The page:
Phar Deserialization Attacks Explained

In this blog post we will take a closer look at Phar Deserialization Attacks in PHP including the phar file format and deserialization attacks in general.

Silhouette in front of an archive
Silhoutte in front of an archive 

In this blog post we will take a closer look at Phar Deserialization Attacks in PHP including the phar file format and deserialization attacks in general. Since it was requested, I will add some short comments about how I approached this research between sections.

Reading about PHP vulnerabilities is always an adventure. Many of them are so counter intuitive and hard to prevent for developers, that you are genuinely interested what its inventors were thinking when they've made certain design choices.

I think however, that a lot of the hate PHP gets is undeserved. Sure, especially older versions of PHP were susceptible to a wide range of security flaws. Some convenient features, such as the infamous register_globals setting, that would allow users to set variables using POST or GET variables, were application safety hazards. However, truth of the matter is, that these vulnerabilities were simply not widely known or exploited back then.

That however, usually does not stop me from scratching my head when I stumble upon some of these design decisions and one of the most striking examples are Phar Deserialization Attacks. They are the reason why a relatively harmless function call like the one below can prove to be fatal to your application's safety.


But how can such a simple - and presumably side-effect free function call have such severe consequences? It's complicated, but we'll figure it out within this blog post.

The Phar File Format

It all starts with a file format called phar - short for PHP Archives. These archives are great, because they allow you to bundle all the program code, assets and libraries that you may need for your application in one single file. If you're thinking back to the days where we had no fancy CI/CD pipelines, you may come to the conclusion that this is kind of a cool way to make file transfers easier. Just bundle your application as phar file, upload it to your server via FTP and you are all set.

Gladly those days are over, but thinking about it, that whole phar concept may make you wonder. "How are these files actually stored? Is there any signature in case of corrupted data? Can we add our own meta data for processing by external tools?" - all of which are valid questions. We'll answer these by looking at PHP's phar file documentation - which is luckily pretty verbose.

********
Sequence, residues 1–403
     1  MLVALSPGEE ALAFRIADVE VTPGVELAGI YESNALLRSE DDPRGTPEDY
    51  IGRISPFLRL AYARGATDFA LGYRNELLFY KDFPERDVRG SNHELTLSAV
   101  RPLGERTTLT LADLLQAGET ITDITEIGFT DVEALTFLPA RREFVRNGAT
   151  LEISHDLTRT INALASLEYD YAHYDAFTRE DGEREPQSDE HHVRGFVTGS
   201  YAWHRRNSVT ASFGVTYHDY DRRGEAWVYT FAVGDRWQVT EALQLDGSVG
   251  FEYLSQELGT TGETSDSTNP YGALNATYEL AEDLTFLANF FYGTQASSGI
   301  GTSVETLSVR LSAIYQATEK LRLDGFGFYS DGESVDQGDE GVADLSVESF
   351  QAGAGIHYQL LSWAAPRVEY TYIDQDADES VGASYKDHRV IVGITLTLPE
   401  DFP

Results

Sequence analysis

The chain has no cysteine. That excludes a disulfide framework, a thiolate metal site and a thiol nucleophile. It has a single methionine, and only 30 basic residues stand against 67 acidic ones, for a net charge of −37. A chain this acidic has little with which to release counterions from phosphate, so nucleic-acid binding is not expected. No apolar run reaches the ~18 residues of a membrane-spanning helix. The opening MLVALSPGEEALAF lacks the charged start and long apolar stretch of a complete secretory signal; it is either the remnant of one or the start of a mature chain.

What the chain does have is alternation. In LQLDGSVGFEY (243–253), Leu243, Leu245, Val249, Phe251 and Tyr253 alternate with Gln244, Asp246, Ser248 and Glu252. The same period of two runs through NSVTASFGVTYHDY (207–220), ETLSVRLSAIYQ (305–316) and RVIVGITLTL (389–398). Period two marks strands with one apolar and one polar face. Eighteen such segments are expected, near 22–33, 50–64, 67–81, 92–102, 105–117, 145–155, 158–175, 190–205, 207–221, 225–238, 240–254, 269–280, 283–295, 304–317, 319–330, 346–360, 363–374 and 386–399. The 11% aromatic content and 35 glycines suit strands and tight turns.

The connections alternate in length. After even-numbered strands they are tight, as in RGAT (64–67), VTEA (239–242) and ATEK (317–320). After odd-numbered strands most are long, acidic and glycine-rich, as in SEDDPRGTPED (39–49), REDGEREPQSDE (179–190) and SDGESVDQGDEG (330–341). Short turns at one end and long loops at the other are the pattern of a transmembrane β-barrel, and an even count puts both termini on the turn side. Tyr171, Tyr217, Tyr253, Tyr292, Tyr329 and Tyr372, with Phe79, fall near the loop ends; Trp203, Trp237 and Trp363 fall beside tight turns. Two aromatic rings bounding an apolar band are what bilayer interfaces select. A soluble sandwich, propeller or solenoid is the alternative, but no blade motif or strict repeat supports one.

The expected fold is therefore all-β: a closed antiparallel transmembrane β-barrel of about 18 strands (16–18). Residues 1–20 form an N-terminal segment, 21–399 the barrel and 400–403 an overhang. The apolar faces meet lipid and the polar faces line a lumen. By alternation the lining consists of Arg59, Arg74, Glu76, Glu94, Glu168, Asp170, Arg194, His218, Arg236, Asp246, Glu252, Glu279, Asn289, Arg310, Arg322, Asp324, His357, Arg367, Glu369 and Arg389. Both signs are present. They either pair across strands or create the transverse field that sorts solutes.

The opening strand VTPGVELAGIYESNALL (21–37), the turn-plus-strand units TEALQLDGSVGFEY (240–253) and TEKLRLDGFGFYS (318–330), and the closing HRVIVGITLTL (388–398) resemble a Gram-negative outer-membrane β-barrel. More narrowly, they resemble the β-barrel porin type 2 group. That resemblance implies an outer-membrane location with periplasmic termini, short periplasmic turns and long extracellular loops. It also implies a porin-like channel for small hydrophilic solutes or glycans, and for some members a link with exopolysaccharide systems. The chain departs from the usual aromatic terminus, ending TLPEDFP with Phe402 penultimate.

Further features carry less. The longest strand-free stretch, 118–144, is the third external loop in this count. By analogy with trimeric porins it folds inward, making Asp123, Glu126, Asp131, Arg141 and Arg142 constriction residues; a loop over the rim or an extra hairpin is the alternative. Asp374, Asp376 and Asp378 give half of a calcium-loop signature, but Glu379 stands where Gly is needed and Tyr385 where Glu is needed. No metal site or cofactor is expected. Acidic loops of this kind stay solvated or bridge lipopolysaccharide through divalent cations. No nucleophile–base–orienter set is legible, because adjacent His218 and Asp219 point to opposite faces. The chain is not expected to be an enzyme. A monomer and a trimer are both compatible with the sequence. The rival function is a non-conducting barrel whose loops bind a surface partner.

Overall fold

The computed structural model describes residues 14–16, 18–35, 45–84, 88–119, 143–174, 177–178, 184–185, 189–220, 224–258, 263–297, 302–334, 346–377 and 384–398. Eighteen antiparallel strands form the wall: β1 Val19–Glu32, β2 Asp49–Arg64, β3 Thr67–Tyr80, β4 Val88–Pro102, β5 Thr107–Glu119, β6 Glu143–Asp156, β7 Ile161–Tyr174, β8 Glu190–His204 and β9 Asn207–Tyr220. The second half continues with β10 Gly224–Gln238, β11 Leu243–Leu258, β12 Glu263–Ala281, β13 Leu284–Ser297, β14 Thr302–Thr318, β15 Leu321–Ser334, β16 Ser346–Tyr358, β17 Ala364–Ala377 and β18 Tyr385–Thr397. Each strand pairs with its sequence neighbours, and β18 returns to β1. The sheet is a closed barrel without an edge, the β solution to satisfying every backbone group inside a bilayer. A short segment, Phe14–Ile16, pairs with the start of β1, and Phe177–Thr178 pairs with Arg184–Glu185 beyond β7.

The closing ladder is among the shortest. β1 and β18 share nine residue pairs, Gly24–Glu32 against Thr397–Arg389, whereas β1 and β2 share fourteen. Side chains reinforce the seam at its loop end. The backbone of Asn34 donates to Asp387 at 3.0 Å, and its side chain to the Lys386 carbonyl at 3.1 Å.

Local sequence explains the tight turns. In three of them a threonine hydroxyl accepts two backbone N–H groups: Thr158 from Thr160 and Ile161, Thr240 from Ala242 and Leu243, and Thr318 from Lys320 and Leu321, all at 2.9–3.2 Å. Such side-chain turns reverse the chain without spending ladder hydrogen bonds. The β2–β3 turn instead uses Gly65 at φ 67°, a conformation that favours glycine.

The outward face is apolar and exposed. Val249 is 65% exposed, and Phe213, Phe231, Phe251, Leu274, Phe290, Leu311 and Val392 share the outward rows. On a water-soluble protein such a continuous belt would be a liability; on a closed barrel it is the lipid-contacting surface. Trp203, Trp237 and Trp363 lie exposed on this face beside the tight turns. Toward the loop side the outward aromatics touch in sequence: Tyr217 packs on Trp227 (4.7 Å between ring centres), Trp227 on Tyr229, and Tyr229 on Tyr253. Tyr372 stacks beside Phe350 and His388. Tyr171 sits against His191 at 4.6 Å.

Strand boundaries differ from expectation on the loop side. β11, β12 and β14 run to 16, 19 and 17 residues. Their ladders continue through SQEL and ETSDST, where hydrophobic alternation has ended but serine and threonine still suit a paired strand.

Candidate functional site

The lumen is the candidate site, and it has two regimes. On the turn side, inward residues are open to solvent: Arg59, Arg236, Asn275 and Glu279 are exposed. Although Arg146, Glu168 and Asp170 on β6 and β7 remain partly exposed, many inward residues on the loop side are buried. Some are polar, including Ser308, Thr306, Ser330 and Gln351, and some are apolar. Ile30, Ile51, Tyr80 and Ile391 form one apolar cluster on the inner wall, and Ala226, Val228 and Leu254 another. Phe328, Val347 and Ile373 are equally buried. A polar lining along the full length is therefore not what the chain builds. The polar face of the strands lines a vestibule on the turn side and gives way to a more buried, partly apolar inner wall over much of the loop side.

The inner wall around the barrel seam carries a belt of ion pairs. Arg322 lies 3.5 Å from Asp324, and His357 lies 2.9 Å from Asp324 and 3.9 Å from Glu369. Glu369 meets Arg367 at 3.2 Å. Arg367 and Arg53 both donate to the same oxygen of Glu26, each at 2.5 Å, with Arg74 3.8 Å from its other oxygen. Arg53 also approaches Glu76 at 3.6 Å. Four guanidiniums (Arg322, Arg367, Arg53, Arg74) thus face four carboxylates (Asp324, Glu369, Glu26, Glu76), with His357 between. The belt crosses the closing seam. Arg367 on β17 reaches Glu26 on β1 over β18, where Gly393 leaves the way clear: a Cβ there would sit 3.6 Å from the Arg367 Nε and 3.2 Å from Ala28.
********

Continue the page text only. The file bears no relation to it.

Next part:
Note: The documentation was one of the first places where I started my research. I roughly knew about the concept of phar deserialization, but not about all of the low level details.

It turns out that the components of a phar file are pretty straight forward. This is all you need:

A stub

The stub is some PHP code that is put at the beginning of a phar file. A required part of this code is a call to __HALT_COMPILER(). Why this is necessary will be clearer later, for now, just know that this is required.

A manifest

The manifest contains some important meta-data. This includes the file size, the name of the phar file and some other variables, notably a subsection with arbitrary user-defined meta data in a specific format. While that does not seem to have security implications at first glance, this is actually what makes phar files so dangerous. We'll talk about that in a second.

The actual file contents

As mentioned, you can store anything in a phar file. Static assets, PHP code, libraries, you name it. This is insanely convenient when you want to bundle an application, since everything you need is inside this single file.

An (optional) signature

This threw me off a bit. My first association when I read "signatures" was that they may prevent you from loading tampered files, yet what's meant here are checksums that prevent a corrupted file from being loaded.

The phar file manifest

The real magic happens in the meta-data though. Let's take a closer look at PHP's documentation to get an understanding about how it is structured.

A table with the phar file manifest
The phar file manifest

As you can see, there are many interesting properties, but for the experienced PHP exploiter there is one entry sticking out. If you take a look at the last entry in the picture, you will notice that File Meta-data is stored in PHP's serialize format, relating to one of php's most notoriously insecure functions - unserialize.

This is the most important part of the vulnerability. The serialize/unserialize functions that are called internally. I was familiar with them before, but if you aren't, they may be overwhelming at first. That's why it's important to branch out your research if you are thinking about learning a new topic. Learning is not a straight line, there are many related concepts that seem overwhelming at first. Try understanding them one step at a time and things get easier.

To check whether PHP's unserialize function is indeed involved, let's create a phar file and look at its content. Creating one is pretty straight forward. PHP provides a simple way of doing so.

As you can see, we are adding the most important data to create a minimal phar file. We set it's name during initialization, set the meta data to an array with random info, create the stub with the __HALT_COMPILER call and add a simple file called _ with the content _. You need to ensure that you set the phar.readonly setting to 0 (zero).

Below is the hex representation of the created file.

Some things are clear now by looking at that. First of all, why the __HALT_COMPILER call is necessary. It allows you to treat the file as a valid PHP file, since the stub was placed right at the beginning. So if you call php test.phar it will run the PHP code in the stub and then stop parsing when the internal manifest and file contents start.